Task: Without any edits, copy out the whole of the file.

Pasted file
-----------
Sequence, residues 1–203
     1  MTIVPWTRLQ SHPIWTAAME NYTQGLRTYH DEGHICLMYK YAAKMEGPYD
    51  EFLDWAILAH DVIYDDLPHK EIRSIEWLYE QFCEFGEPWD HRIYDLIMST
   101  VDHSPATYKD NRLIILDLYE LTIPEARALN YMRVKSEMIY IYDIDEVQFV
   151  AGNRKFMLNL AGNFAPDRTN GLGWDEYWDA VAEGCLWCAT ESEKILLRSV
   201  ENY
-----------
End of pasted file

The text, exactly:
Sequence, residues 1–203
     1  MTIVPWTRLQ SHPIWTAAME NYTQGLRTYH DEGHICLMYK YAAKMEGPYD
    51  EFLDWAILAH DVIYDDLPHK EIRSIEWLYE QFCEFGEPWD HRIYDLIMST
   101  VDHSPATYKD NRLIILDLYE LTIPEARALN YMRVKSEMIY IYDIDEVQFV
   151  AGNRKFMLNL AGNFAPDRTN GLGWDEYWDA VAEGCLWCAT ESEKILLRSV
   201  ENY